Prosecutors gave charging opinion for one dead man – but not the former Tory minister
By Mark Conrad | 20 June 2015
Prosecutors are under pressure to explain why they refused to give charging advice in a rape case against former home secretary Lord Brittan.
The refusal contrasts with the handling by the Crown Prosecution Service (CPS) of the case of Arnis Zalkalns, who is suspected of the murder last year of 14-year-old Alice Gross. Her body was found in the River Brent in west London last September.
Zalkalns was found dead in October two miles away. But, despite his death, the CPS announced that police had a strong enough case to prosecute him.
“I would therefore have authorised the police to charge Arnis Zalkalns with murder if he had been alive at the time of the report” – Tim Thompson, deputy chief crown prosecutor, CPS London
The woman, known only as “Jane”, told Exaro: “There seems to be an inconsistency. Is this, once again, more about who he was rather than the evidence or case itself?
“For me, this is a very frustrating decision. I had gone to the police two-and-a-half years before he died.”
Her partner, “Michael”, said: “I am told that it is not unusual for the CPS to provide an opinion on charging on a deceased subject, for future police guidance and practice.
“The fact that Scotland Yard did not receive a CPS opinion either way is precisely why the detective we spoke to was disappointed.”
Jane alleges that Brittan raped her when she was a 19-year-old student in 1967 and before he became an MP.
The Metropolitan Police Service was investigating her allegations under ‘Operation Fernbridge’.
Brittan denied all the claims against him.
A Met spokesman said that the CPS had advised police before they interviewed Brittan under caution last July that there was not enough to prosecute. It gave the same advice after the interview.
The spokesman confirmed that the Met “carried out a further review of the case”, but did not comment about its pressing the CPS for an opinion after that, post Brittan’s death. The case has “now concluded”, he added.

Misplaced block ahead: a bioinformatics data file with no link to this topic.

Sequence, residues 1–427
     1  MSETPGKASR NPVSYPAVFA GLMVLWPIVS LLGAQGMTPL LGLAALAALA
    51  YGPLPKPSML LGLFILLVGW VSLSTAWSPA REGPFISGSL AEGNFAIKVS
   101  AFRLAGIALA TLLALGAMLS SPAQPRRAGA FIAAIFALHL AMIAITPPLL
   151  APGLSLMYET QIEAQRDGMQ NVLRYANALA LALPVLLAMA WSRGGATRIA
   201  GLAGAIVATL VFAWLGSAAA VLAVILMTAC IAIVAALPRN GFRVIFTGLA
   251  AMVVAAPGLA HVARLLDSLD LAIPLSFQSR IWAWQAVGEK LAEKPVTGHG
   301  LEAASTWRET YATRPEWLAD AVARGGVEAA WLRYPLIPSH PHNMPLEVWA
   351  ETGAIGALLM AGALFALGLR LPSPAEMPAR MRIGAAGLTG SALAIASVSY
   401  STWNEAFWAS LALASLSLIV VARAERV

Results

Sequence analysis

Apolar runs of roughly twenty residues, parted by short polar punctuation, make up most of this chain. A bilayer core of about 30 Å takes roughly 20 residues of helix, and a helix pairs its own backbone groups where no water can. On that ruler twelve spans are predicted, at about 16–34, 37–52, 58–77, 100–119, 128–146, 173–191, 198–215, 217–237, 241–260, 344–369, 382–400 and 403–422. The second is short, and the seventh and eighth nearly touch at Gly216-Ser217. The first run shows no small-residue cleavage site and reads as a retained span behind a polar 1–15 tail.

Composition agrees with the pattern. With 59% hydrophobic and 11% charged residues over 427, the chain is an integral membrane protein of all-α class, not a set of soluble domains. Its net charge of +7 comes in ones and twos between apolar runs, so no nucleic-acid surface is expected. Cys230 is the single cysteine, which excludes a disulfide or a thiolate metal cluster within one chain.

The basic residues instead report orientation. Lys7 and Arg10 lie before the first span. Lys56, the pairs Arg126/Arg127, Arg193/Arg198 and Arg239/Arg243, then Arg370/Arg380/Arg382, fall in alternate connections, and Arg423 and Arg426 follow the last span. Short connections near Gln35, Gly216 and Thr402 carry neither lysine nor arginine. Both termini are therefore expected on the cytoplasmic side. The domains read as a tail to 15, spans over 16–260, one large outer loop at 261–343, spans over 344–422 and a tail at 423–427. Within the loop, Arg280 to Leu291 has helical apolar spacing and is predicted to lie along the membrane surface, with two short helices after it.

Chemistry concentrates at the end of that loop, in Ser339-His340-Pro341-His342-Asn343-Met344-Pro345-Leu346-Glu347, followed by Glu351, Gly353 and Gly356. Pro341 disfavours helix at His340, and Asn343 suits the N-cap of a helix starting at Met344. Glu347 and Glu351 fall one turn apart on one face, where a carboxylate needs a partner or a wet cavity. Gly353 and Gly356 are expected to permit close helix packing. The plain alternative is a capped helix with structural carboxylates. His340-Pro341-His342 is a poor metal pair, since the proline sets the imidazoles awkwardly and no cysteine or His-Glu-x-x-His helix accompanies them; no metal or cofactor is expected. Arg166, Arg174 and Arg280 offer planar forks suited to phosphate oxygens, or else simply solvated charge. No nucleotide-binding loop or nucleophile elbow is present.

Following the disappearance of Alice Gross, Zalkalns hung himself. His body was found in an area of dense woodland.
The CPS said in a statement in January on the Zalkalns case just five days after Brittan’s death: “Although Zalkalns is dead, due to the considerable public interest in this case, the CPS reviewed the key evidence, and has provided advice to assist in deciding what further investigation, if any, may be appropriate.”
Tim Thompson, deputy chief crown prosecutor for CPS London, also made the following statement:
I have received a report on the Metropolitan Police investigation into the disappearance and death of Alice Gross. The report concerned Arnis Zalkalns, and the CPS has not been asked to consider any other suspect.
It is not for the CPS to say whether or not Arnis Zalkalns killed Alice Gross – that would have been for a jury to decide – but instead to determine whether there was evidence that would have provided a realistic prospect of conviction, and therefore enough evidence to charge him with murder.
I have concluded that the evidence now available would have been sufficient to give rise to a realistic prospect of conviction for murder, applying the ‘Full Code Test’ in the ‘Code for Crown Prosecutors’.
There is no eye-witness evidence. The scientific evidence does not link Arnis Zalkalns directly to Alice’s death. Nonetheless, the evidence as a whole gives rise to a circumstantial case that would clearly meet the full ‘code’ test. Of all the people the various strands of evidence might have implicated, they in fact point towards Arnis Zalkalns: a person who has previously killed, and concealed the body of, a young woman.
I would therefore have authorised the police to charge Arnis Zalkalns with murder if he had been alive at the time of the report.
Jane wants to know why the CPS did not also reach a charging opinion over serious allegations against a former home secretary, vice-president of the European Commission and Conservative peer.
The CPS provided no explanation when asked by Exaro.
But a CPS spokesman issued this statement on the Brittan case: “At their request, we provided police with early investigative advice on this matter in July 2013. There was not at this stage enough evidence to request a charging decision, and any decisions made at this stage were investigative and operational and therefore for the police.
“Following the suspect’s death earlier this year, the police asked if we would give a view on whether or not the case might have resulted in a prosecution had the suspect still been alive. The police confirmed that the case has not reached the stage of a formal charging-decision referral to the CPS. So to say that CPS refused to make a full charging decision in this case is wrong.
“We are currently in correspondence with the police about this.”
Despite Jane’s disappointment, she said that she would still encourage those who have suffered sexual abuse to report their experiences to the police.
In separate developments revealed by Exaro this week, the Met interviewed Harvey Proctor, former Conservative MP, under ‘Operation Midland’ on Thursday.
Proctor denies wrongdoing.
And Suffolk Constabulary quizzed Charles Napier, convicted paedophile, in prison on Monday over allegations first reported on Exaro.
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